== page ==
The recent tragedy involving toxic, lead-laced tap water in Flint, Michigan highlights the growing gulf between rich and poor, and majority and minority communities. In an ill-fated measure to save costs for the struggling city of Flint, officials stopped using Detroit’s water supply system and switched to the Flint River.

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JoGSS

Beyond “methodological nationalism” in global security studies

Last week’s news of terrorist attacks in Lahore and Brussels followed only days after similar news from Istanbul. And before that Ankara, Jakarta, and Paris. The list goes on. Attacks on cities around the world are part of the new reality of global insecurity that transcends state and national borders. In addition to the terrible human devastation and fear caused by each incident, they are also examples of how traditional models of “national” security are not sufficient for understanding contemporary patterns of political violence.

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Prostitution: The world’s oldest public policy issue

Ever since the first arrangements were made for the exchange of some form of money for some form of sex, buying (or selling) sex has raised thorny issues for society’s rulers and governments. The Israelites condemned it, believing it would encourage men to seek sex outside marriage (Proverbs 23:27–28). Throughout much of European history, the profession was legal and often a source of tax revenue.

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An absence of fairness: the Trade Union Bill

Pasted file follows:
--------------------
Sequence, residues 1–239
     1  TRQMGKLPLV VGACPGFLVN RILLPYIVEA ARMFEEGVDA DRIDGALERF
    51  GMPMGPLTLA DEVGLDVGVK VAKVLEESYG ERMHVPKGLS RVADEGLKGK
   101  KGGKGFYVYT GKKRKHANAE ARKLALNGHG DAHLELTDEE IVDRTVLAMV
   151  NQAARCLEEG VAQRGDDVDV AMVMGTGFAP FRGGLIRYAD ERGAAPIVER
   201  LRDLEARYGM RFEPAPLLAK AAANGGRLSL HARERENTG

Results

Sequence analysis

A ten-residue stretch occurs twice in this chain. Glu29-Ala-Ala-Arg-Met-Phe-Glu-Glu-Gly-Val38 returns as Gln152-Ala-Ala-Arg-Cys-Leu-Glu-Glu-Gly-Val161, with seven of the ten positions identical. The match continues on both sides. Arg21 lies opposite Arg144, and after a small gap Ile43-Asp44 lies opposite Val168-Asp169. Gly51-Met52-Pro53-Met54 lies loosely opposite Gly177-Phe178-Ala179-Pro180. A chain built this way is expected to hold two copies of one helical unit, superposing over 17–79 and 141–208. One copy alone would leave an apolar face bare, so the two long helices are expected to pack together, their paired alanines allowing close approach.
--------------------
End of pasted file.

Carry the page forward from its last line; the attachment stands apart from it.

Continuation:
According to Sajid Javid, the Secretary of State for Business Innovation and Skills (BIS), the Trade Union Bill currently before Parliament is ‘not a ban on strike action. This is about ensuring that our rules are modern and right and fit for today’s workplace’. As the Bill progresses through the House of Lords, Mr Javid’s rosy view has been challenged by the International Labour Organisation (ILO).

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choosing our religion

3 things you might not know about Nones

Religious Nones are a name for people who answer “none” when asked with what religious group they most identify or to which they belong. Nones are a growing segment of the U.S. religious landscape but there are some misconceptions about how they practice what might count as “spirituality” or “religion.” Here are three challenges to typical misconceptions about Nones.

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Trump that: the failure and farce of American politics

There is something very odd and bizarrely impressive about Donald Trump’s approach to democratic politics: it is quite obviously undemocratic. Indeed, if anything, his campaign is fuelled by anti-political sentiment and populist slogans. It’s strong stuff. So strong that it deserves to be recognized in the form of a new political ideology: ‘Trump-ism’. Eponymous…and yet also synonymous with the failure and farce of American politics.

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Food economics: a reading list

Agriculture is a means of living for a large percentage of the world’s population. Agricultural economics looks at the utilization and distribution of farming resources and aims to apply the principles of economic theory to farming and the production and allocation of food in order to optimize such processes. This month the annual conference of the Agricultural Economics Society is taking place.